Looking for extra cash to keep your household afloat in this storm-tossed economy? Maybe it's time to turn your hobby into a business.
Whether you wade in part-time or dive in full-time, there are several advantages to launching your hobby as a business. For starters, you already enjoy it. You also have the knowledge base and skill set upon which to build, and may have a network of fellow enthusiasts to help get you started.
It's likely that you also have a sense for pricing and market dynamics surrounding your hobby.
Finding the time and space to create a new business can be challenging, especially if you're working another job as well. But with a few simple marketing moves and the help of a willing mentor or two, you can turn your pastime into cash time in no time.
"Your hobby has to translate into a product or service for which there is an identifiable market," says Barbara Brabec, author of "Handmade for Profit" and a 25-year veteran of the arts and crafts world. "You may love the product you make, but the bottom line is, will anyone actually buy it?"
Brabec says the biggest fear for most hobbyists is ... well, fear itself.
"Everybody is scared because they're stepping outside their comfort zone. The only way you can get past this is with some experience and doing it more than once," she says. "You have to be able to take some rejection. It's not rejection against you personally; it's the product or service you're offering. It's not you that's being judged."
Ready to take the plunge? Here are six lucrative hobbies you can start from home today.
5 hobby businesses
- Professional organizer
- Arts and crafts
- Exotic birds
- Personal shopper
- Day lilies
Professional organizerSeven years ago, M. Colleen Klimczak was a Chicago-area health care recruiter when she stumbled upon the National Association of Professional Organizers, or NAPO, Web site.
"I was looking for an organizer to help with a giant garage sale," says the mother of three. "When I found that Web site, I said, 'I don't want to hire one, I want to be one.'"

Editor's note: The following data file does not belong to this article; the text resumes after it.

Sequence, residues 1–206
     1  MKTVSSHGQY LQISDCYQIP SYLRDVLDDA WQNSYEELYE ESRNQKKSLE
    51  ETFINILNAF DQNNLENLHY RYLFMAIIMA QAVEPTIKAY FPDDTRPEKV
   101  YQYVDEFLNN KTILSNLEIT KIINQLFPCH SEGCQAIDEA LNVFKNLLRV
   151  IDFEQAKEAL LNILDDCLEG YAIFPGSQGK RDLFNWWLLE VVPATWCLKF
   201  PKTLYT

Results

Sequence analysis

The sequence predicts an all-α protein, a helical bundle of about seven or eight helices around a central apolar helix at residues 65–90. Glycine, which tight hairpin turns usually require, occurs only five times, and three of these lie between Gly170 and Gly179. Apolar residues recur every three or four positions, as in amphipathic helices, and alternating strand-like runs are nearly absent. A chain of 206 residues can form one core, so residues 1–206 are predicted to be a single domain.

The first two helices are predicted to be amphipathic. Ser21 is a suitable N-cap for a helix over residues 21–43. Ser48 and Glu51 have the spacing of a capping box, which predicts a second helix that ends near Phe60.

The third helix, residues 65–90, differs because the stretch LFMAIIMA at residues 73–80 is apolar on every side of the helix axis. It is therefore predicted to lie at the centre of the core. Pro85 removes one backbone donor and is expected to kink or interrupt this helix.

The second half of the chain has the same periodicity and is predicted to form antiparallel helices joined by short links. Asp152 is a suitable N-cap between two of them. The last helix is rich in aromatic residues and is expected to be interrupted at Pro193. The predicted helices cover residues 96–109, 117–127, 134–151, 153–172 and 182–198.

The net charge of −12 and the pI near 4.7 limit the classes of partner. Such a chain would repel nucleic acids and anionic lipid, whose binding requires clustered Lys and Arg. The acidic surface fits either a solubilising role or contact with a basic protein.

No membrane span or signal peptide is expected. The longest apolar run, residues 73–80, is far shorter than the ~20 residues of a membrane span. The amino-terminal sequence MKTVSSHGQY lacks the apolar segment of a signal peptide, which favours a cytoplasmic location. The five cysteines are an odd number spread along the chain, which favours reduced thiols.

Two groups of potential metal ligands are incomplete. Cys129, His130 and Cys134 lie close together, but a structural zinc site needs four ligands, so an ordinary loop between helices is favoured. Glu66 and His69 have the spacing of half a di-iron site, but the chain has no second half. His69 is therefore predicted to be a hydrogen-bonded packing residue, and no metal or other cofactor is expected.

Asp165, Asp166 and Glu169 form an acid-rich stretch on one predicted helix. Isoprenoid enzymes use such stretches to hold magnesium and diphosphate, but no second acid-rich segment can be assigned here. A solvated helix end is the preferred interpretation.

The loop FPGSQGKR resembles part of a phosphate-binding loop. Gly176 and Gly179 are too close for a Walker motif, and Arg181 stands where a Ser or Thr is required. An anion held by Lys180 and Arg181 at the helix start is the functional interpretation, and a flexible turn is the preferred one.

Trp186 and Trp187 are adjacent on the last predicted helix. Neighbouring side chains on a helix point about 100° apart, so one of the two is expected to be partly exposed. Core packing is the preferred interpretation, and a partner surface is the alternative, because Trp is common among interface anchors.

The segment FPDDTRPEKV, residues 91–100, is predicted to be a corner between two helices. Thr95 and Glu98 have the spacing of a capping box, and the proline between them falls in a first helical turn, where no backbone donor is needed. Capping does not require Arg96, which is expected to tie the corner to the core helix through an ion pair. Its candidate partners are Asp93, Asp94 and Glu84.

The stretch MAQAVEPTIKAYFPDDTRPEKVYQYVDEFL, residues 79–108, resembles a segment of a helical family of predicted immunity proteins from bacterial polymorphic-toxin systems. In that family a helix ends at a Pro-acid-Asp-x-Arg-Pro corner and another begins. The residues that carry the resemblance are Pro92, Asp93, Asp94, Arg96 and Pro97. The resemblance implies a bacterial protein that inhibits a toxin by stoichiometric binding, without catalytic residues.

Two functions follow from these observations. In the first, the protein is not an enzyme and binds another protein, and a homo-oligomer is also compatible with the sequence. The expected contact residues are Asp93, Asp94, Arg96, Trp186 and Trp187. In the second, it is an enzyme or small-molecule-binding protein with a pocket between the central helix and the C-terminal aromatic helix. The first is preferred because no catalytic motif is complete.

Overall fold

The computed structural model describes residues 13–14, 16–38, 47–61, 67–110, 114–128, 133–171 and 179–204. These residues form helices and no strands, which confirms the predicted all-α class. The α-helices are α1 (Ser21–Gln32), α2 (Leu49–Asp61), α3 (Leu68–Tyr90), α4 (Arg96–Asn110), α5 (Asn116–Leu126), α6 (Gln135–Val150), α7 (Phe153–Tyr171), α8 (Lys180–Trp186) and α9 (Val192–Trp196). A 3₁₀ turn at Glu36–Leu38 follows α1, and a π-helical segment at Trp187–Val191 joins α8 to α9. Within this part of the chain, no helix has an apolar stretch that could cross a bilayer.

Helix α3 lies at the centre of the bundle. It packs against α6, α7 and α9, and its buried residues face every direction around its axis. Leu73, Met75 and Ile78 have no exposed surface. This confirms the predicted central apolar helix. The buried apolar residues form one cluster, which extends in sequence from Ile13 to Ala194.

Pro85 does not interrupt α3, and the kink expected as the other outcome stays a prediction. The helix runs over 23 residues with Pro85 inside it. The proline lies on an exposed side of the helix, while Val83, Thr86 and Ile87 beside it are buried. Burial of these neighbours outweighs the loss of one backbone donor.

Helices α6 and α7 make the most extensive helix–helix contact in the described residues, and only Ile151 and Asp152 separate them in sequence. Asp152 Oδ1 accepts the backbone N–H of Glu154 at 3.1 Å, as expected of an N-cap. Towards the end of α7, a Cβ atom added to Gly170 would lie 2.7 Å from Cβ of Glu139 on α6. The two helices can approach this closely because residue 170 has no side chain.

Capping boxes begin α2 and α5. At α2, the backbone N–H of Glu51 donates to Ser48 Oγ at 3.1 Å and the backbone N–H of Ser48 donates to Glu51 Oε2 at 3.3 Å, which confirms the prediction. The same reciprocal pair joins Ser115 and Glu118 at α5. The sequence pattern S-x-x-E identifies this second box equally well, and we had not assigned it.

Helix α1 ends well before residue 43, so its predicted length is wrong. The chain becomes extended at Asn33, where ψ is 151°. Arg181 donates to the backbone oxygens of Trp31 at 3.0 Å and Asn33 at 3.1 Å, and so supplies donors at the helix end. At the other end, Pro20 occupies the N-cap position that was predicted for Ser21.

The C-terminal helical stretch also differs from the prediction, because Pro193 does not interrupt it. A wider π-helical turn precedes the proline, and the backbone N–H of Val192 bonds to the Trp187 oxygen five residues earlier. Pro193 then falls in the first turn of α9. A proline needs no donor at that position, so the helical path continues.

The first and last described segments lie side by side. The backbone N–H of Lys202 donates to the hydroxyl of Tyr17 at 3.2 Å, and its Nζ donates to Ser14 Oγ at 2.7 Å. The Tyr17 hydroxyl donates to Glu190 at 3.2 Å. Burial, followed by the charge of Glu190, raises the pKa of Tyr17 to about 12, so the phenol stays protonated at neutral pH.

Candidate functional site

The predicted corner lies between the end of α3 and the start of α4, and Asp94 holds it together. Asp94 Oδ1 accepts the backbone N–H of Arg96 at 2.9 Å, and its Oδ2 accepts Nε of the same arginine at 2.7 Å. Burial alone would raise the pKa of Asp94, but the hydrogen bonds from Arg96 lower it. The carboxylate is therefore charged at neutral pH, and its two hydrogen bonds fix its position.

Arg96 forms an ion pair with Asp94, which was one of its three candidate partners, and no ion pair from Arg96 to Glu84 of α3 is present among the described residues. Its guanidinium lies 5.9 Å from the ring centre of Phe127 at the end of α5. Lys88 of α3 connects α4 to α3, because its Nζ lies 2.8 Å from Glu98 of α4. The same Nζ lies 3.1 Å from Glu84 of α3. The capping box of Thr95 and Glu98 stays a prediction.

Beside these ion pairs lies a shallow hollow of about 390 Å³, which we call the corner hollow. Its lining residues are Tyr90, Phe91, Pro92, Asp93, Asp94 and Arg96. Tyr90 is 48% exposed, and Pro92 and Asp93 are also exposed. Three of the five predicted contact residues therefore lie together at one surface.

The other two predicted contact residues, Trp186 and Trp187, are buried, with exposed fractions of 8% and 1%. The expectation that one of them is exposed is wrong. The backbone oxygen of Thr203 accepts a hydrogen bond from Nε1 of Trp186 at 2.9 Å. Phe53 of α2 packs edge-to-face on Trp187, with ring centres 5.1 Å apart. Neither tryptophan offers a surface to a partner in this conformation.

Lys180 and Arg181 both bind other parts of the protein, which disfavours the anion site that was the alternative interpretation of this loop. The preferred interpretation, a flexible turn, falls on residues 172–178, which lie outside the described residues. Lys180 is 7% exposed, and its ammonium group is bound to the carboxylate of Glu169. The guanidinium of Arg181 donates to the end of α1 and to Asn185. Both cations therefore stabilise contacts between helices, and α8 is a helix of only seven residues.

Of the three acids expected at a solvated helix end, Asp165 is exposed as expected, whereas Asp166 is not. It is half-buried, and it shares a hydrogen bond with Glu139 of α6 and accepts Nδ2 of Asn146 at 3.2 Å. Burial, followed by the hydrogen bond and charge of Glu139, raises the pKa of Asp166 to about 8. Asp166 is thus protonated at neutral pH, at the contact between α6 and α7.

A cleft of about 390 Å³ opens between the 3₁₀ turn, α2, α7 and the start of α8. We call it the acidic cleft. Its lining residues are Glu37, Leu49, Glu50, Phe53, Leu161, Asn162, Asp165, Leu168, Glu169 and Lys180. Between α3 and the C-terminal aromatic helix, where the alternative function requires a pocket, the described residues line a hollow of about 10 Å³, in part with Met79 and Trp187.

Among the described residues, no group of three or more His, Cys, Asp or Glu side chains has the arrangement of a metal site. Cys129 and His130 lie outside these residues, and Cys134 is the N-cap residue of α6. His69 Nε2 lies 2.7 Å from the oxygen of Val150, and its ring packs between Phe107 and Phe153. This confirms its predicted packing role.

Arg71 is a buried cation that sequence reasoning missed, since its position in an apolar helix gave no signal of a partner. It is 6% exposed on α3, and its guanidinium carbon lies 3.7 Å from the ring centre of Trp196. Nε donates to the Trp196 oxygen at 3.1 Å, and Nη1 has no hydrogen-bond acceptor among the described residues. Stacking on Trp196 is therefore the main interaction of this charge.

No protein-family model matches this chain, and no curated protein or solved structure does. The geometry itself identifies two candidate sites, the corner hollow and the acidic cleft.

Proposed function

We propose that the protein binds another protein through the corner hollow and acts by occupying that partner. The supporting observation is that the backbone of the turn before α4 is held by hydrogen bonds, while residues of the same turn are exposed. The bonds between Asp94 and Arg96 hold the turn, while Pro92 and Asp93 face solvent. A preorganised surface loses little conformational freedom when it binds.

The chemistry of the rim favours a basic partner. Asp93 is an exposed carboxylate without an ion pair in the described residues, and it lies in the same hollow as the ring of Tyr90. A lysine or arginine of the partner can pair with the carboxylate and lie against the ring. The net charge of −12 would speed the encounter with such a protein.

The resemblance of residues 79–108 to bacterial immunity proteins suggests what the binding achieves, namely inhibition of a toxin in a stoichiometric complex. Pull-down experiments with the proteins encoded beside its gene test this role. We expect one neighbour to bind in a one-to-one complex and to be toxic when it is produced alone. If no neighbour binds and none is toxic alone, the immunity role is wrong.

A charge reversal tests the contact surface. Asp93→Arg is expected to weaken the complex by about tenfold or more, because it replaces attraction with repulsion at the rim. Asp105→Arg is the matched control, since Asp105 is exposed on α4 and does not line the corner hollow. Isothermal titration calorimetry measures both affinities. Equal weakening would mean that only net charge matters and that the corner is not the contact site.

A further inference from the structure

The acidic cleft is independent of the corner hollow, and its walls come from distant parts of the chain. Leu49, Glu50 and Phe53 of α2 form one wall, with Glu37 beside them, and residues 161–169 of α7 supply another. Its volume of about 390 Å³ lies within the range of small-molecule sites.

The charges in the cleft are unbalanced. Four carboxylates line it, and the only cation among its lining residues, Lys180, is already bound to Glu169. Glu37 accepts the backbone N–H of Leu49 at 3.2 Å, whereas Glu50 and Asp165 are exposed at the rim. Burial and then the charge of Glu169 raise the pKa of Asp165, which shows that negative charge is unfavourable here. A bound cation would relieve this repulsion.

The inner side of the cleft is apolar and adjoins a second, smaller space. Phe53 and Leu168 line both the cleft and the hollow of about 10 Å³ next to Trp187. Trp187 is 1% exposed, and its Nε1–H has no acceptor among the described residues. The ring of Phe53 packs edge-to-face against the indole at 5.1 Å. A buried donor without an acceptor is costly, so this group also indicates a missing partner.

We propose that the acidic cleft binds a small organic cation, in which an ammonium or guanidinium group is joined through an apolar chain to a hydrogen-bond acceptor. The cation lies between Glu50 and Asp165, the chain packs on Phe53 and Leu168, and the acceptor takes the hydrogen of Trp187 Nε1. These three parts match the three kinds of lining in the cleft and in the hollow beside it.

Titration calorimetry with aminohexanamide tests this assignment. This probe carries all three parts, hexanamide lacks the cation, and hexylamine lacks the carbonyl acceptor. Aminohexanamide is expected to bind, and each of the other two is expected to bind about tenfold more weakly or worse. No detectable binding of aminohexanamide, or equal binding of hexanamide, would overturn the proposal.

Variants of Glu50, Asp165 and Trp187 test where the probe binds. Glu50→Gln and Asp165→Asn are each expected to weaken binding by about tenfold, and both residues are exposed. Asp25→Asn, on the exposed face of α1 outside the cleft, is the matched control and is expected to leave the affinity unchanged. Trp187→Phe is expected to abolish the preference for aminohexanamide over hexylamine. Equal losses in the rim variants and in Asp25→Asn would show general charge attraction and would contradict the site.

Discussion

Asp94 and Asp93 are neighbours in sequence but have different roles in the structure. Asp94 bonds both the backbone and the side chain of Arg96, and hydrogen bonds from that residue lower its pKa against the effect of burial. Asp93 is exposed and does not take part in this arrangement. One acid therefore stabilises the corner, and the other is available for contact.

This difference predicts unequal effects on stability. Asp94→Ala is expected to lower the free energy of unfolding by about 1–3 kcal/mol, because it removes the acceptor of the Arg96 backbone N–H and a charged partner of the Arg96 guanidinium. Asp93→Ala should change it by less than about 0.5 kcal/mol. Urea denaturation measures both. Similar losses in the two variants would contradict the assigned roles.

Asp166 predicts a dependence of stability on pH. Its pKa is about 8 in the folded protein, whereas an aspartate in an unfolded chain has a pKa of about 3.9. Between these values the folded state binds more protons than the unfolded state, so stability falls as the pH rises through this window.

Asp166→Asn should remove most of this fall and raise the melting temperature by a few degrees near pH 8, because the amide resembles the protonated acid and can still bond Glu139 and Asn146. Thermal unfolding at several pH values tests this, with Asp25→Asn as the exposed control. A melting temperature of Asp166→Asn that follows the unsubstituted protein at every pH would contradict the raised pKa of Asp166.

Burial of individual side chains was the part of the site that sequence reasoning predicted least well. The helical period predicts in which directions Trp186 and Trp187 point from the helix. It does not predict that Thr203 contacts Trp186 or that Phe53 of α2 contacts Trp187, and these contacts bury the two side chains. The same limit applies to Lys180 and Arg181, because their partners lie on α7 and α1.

Through NAPO, Klimczak found a mentor who helped her set a fee. She charges $50 per hour, average for her suburban Chicago location, although she admits professional organizers command three times that in San Francisco. She recently earned the "Certified Professional Organizer" designation and may raise her fee slightly.
Set-up costs were minimal.
"Out the door, if you have a computer and the know-how, it's not hard to just start up," she says.
She deals mostly with residential and home offices. To supplement her professional organizer business, she also works as a virtual assistant and occasional project manager. Her events-planning background and sense for organization and work flow serve her well.
Do you have to be organized to become a professional organizer?
Professional organizer business
- Skills: organization, work flow, creative problem solving.
- Market: home businesses, busy executives, harried stay-at-home moms.
- Opportunities for growth: business consulting, virtual assistant.
"Yes, but it doesn't work the other way though -- just because you're an organized person does not mean you can be a professional organizer," she explains. "I can be as organized as I want, but I can't impose what works in my house onto somebody else's house. Just because my closets are really, really tidy doesn't mean I can do this as a business and translate that to other people. It doesn't work that way."
Klimczak says she stresses education, a bit of a double-edged sword because once her clients are organized, she knows she'll lose them. Still, there are plenty more where they came from.
"I have a client who says she would rather pay me than a therapist because at least her house looks better when I leave," she says.